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Energy and Sleep

My current project has recently been at a critical point. We have all been very busy and I have had to focus hard and maintain a high level of productivity

Last year I stumbled across the Energy Project. I did the quiz then read the book, which explained what I have always felt (perhaps it reinforced some of my prejudices) – that the typical work day doesn’t lend itself to getting much done. In particular it drew my attention to the significance of our bodies’ natural rhythms, especially understanding the importance of the work/recovery cycle both within the day as well as the more obvious daily one.

A lot of this is either obvious really, not least the need for adequate sleep. Margaret Thatcher reputedly needed little more than four hours’ sleep per night when Prime Minister, but she was the exception. In today’s 24/7 society there are so many calls on our time, something has to give, so sleep loses out. This is especially true in a macho business culture (I don’t think it’s as bad today as it was) – I bet I’m not alone in getting emails from colleagues at midnight to prove how hard-working they are. Yet we fool ourselves. I always feel the effects of a late night or a bad night’s sleep on my productivity the next day. I doubt many of my colleagues are different.

I’ve always noticed that I have a strong body clock. I’m a morning person and I’ve never liked late nights (even as a student). I always wake up at the same time every morning regardless of what time I went to bed. In fact I never use an alarm clock; I’m always awake within a few minutes of 6:30. So I’ve never been inclined to work late into the evenings. But time runs out in the evening before I’ve finished what I had planned to do, and I sometimes used to keep going otherwise it would be next week before I could carry on with it. And I’ve also often found it difficult to switch off and get to sleep straight away when I do go to bed.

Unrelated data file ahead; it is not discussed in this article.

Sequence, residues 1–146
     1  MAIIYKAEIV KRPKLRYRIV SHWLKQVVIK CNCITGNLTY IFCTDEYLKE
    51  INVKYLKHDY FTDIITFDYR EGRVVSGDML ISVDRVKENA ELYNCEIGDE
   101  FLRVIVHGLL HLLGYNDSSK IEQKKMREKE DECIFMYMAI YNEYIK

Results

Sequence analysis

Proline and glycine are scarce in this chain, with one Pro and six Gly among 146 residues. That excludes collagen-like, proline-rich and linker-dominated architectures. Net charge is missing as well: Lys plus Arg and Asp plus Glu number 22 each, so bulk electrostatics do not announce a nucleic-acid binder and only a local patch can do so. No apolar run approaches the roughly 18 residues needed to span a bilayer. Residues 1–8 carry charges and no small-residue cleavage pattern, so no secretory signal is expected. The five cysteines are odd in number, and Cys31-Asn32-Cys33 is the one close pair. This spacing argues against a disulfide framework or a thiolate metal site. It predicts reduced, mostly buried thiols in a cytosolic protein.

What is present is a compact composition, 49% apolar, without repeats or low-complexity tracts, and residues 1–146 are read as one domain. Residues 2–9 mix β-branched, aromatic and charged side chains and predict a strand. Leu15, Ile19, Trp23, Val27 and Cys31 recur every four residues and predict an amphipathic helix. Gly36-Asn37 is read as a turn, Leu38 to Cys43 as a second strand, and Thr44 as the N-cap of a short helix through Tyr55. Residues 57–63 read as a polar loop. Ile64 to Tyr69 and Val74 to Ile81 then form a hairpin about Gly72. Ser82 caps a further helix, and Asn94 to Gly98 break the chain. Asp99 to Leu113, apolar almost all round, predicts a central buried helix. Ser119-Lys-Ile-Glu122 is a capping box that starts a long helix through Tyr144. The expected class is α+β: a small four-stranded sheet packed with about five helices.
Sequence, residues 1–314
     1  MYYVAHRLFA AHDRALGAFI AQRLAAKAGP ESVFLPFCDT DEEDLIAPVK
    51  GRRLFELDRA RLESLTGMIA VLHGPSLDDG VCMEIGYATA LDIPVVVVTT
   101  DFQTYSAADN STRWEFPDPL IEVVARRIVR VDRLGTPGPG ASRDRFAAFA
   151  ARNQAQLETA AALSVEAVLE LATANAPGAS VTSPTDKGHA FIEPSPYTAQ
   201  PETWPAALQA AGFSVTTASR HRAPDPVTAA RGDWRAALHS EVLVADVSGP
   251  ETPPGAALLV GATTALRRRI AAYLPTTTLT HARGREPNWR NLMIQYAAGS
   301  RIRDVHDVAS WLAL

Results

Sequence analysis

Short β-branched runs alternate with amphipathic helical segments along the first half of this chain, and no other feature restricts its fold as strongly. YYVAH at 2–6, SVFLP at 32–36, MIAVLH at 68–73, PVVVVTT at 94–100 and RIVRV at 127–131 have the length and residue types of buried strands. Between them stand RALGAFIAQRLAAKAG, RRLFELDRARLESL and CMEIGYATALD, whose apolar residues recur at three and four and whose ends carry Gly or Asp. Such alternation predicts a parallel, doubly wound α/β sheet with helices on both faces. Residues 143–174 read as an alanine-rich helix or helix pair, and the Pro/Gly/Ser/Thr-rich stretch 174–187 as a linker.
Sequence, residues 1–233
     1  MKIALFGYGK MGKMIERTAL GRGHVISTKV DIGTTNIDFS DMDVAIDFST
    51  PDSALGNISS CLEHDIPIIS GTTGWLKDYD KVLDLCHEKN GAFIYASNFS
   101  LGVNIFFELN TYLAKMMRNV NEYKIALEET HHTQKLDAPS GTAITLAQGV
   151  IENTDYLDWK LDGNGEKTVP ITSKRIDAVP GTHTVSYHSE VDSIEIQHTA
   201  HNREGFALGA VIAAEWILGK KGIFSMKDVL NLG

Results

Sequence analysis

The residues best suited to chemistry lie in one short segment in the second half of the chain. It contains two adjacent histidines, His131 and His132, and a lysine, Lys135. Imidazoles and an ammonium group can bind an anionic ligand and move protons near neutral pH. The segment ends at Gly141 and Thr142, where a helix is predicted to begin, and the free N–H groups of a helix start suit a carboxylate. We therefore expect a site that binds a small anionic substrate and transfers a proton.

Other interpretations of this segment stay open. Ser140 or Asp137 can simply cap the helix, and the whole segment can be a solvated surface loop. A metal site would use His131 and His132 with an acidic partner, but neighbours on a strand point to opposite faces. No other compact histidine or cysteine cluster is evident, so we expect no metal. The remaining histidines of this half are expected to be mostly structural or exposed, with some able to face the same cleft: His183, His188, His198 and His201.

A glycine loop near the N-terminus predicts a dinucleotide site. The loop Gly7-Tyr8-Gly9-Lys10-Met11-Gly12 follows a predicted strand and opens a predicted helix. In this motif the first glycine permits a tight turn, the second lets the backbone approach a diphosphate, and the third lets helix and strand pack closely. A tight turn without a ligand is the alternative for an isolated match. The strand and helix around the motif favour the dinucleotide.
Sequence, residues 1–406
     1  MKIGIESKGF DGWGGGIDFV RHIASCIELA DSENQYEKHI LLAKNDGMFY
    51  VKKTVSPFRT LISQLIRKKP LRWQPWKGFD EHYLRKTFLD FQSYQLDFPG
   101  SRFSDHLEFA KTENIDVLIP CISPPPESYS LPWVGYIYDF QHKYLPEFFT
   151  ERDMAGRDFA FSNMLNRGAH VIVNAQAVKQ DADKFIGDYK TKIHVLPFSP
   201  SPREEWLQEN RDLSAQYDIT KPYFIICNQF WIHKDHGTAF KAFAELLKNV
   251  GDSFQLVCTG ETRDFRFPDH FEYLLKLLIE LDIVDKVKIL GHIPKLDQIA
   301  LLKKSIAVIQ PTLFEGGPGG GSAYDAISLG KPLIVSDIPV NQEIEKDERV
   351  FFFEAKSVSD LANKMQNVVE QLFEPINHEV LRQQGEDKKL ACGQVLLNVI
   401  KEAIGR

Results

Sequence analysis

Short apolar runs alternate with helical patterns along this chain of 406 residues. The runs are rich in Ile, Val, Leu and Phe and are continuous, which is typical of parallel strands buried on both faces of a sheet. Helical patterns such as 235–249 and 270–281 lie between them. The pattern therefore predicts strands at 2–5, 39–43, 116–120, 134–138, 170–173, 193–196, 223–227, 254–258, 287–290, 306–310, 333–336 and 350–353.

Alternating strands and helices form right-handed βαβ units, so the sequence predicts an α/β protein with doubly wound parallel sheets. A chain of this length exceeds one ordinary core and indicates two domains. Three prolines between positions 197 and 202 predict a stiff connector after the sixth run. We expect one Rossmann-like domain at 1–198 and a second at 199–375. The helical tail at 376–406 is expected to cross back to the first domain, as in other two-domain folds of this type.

Reading the Energy Project encouraged me to pay some attention to my sleep patterns. I already knew that I needed a good seven and a half hours sleep per night, so to be sure I get it I ought to allow eight – which means in bed by 10:30. This year I have been much more rigorous about it and feel better for it. I noticed that, counter intuitively, I get to sleep more quickly when I go to bed early, rather than later. It also works best if I go to bed regularly at the same time. Both may be due to the body’s natural 90-minute ultradian rhythm – if I miss the right point in one cycle I have to wait for the next one. l

The other key thing is to allow time to wind down, by gradually relaxing both brain and body. I now try to limit computer use to before 9:30 (I tried 9:00 originally, but found that didn’t leave enough time in the evening to do anything at all, by the time dinner and family routine was out of the way). So now rather than switching off the computer and going straight to bed, I now try to relax, and also to get everything ready for breakfast and work the next day, which also helps me to get off to a quick start in the morning.

Making these small changes to my routine has made a clear difference to my energy levels, and my performance.

More

Some suggestions on how to get a good night’s sleep.

A short article on the effects of sleep deprivation.

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